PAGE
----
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Wall guys chime in

Discussion in 'Hardscaping' started by HPSInc, Apr 19, 2013.

  1. HPSInc

    HPSInc LawnSite Senior Member
    Posts: 737

    Heres a wall i looked at today. I think its obvious what I want to avoid once i complete a rebuild. Im reusing the stones. they are nice and solid still. Ive been involved in builds like this in the past when I worked at another company but I dont think thier backfill methods were ever what they should have been. Some crusher behind it and that was usually about it. This wall was built right up against soil. And Im guessing it was done a long time ago. It also appears to have been built flush and not stepped.

    Aside from a new solid base, stone backfill, drainage pipe behind it..?, and stepping the stones back towards the higher portion of land. what other methods would you impliment towards building a wall that will remain in place for years to come. Any "geo grid" type material to separate the stone and soil? Or would you leave that for the block walls? I just dont want to lose sleep at night once im done with this thinking i didnt do something i otherwise should have. I was also toying with the idea of moving the wall forward some rather than digging back. What do you guys think? All suggestions are appreciated.

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  2. DVS Hardscaper

    DVS Hardscaper LawnSite Fanatic
    Posts: 6,403

    Only 19" high?
    Posted via Mobile Device
     
  3. 32vld

    32vld LawnSite Gold Member
    Posts: 3,984

    I would do as you said, footing, back fill crushed rock, and drain pipe.

    I would not step the wall back if you are reusing the same rocks. It would would not add anything structurally or aesthetically.

    Though those stones are not as heavy as the blocks sold to make walls and those stones do not fit as flush to each other so less friction to help keep them in place. That wall looks as if if gets stepped and sat on which always causes those stones to shift until they fall.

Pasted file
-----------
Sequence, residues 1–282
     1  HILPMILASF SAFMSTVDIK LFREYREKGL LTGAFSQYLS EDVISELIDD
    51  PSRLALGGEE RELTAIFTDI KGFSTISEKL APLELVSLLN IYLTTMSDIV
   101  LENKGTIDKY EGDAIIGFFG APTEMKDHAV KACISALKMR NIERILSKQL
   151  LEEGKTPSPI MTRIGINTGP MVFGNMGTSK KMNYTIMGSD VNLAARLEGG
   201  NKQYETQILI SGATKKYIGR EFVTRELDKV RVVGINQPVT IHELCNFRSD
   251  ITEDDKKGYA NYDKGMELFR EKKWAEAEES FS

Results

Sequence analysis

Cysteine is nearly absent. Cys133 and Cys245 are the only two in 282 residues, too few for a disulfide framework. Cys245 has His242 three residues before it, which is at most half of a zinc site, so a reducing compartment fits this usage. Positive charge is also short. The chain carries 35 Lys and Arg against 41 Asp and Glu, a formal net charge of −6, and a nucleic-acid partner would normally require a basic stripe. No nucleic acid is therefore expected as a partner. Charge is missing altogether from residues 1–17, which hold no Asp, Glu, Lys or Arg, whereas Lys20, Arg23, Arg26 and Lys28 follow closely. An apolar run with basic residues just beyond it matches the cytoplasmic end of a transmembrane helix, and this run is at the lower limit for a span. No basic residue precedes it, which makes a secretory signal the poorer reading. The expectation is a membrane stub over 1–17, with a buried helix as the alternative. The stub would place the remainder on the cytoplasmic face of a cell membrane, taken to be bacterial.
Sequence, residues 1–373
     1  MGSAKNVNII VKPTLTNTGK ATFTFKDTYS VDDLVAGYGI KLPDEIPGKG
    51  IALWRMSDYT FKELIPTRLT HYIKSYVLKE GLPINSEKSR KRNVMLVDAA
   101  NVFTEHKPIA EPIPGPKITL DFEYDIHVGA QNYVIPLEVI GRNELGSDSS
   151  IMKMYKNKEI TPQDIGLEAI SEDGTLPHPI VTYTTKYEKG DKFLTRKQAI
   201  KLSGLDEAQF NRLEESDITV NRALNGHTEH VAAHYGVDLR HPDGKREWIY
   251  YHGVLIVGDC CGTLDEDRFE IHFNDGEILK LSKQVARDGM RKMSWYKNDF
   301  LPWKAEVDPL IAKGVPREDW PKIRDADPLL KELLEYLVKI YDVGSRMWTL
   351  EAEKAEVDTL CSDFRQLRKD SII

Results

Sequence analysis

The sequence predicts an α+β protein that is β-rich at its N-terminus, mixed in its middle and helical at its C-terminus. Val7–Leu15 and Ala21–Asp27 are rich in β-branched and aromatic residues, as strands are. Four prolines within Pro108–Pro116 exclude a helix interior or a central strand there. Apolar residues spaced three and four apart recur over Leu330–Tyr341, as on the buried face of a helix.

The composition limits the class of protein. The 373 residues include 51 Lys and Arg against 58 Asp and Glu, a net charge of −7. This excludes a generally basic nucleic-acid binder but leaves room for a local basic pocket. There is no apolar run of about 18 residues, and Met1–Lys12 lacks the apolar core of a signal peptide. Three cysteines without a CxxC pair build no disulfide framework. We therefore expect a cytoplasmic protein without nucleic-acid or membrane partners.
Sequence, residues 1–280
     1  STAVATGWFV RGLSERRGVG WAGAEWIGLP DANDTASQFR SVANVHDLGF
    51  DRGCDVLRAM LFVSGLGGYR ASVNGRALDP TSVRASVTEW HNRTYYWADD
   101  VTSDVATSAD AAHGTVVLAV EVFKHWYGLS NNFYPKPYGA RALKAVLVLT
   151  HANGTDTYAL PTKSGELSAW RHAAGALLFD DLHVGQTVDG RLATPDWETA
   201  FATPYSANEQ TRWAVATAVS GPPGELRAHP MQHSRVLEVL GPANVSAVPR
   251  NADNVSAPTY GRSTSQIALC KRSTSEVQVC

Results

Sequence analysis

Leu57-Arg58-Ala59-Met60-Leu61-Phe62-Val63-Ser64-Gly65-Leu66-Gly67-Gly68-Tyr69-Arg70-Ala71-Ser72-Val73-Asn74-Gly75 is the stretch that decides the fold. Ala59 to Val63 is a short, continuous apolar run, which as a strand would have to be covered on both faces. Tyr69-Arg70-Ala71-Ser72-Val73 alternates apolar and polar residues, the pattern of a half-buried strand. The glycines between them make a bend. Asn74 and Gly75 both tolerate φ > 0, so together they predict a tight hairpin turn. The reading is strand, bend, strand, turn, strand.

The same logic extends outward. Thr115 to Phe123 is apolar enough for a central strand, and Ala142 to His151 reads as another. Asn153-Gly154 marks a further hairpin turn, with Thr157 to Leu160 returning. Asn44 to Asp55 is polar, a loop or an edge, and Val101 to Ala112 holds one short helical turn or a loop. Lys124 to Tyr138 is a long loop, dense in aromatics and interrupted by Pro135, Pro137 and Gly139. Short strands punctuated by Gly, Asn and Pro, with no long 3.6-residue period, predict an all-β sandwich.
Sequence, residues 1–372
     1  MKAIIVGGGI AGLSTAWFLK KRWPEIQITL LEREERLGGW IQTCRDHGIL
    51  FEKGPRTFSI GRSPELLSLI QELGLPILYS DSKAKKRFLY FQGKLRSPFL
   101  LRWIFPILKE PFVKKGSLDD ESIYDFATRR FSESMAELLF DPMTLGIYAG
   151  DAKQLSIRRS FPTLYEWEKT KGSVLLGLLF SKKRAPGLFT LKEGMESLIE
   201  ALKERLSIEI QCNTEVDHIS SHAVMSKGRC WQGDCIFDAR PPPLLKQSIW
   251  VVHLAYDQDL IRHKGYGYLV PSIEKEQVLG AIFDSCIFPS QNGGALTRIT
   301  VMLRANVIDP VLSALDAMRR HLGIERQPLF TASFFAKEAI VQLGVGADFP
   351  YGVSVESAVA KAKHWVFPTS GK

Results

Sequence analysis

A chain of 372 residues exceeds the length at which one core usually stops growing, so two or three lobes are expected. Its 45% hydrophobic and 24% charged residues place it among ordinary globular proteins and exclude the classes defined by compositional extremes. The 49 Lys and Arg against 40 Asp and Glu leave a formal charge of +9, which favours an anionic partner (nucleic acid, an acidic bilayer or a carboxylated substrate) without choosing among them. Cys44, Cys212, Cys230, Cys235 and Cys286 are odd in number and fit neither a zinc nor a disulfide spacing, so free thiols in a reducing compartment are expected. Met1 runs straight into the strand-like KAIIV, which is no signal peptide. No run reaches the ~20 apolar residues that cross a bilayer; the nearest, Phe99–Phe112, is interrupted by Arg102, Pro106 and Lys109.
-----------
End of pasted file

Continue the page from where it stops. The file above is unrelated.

So along with the footing, back fill and drain pipe I would suggest that you use construction adhesive to help secure those stones in place.
     
  4. Stillwater

    Stillwater LawnSite Platinum Member
    Posts: 4,792

    Building these walls paid for my house....... Drystack fieldstone love it. If you use glue like suggested ill dope slap you......
    Posted via Mobile Device
     
  5. HPSInc

    HPSInc LawnSite Senior Member
    Posts: 737

    Ok, i see your point on the no stepping them back thing. makes sense. So your recommending I glue those stones? Some? All?

    How far back behind the wall would you fill with stone? And how high to the back of the wall? Also, does the location of the drain pipe matter? Low in back up against wall, middle of wall, further away from wall? etc...

    Like I said, Ive been on builds of these before for a past company, but the backfill methods were just dumping some crusher in back, and filling with soil and calling it a day. I want to put a little more thought into this than that hence all the Q's. thanks
     
  6. HPSInc

    HPSInc LawnSite Senior Member
    Posts: 737

    I like these walls too. They can be fun walls to build where block walls stress me out lol

    Ive never seen them glued before either, Maybe he is suggesting just glueing caps? I dont know

    my biggest concern is the best way I can backfill this. I know the basics, stone, pipe, good base etc. I just want to know how far back I should fill with stone,how high to the wall, and location of the pipe in relation to the wall. I guess a geo grid type material is not used on these types of walls due to all the room between stones for water to weep through. am i correct in that assumption or not?
     
  7. Stillwater

    Stillwater LawnSite Platinum Member
    Posts: 4,792

    What type.of soil is this wall holding do you have a high or low watertable.
    Posted via Mobile Device
     
  8. HPSInc

    HPSInc LawnSite Senior Member
    Posts: 737

    im not sure i can answer your question really...but what i do know is this wall and yard in general is much higher than the driveway i pulled into. the back yard is high up compared to the front yard.

    heres a pic of a set of stairs at this house, i might have to relay a few once some power lines are installed and steps are removed to do so. the walls are in the back yard. so its pretty high up back there comepared to everything else.

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    i cant see water being too much of an issue with how high it is, but heck there is a well right there at the end of the wall. so gotta be some water i guess
     
  9. HPSInc

    HPSInc LawnSite Senior Member
    Posts: 737

    pic homeowner sent me before i went out there

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  10. zedosix

    zedosix LawnSite Silver Member
    Posts: 2,628

    Lots of clear stone behind the wall, a geo to separate(stone and soil) and your good to go. Bigger stones on the bottom, overlap as much as possible, add fine stone dust or granular between layers to help solidify. And no glue.
    Dope slap...now thats a new one:)
     

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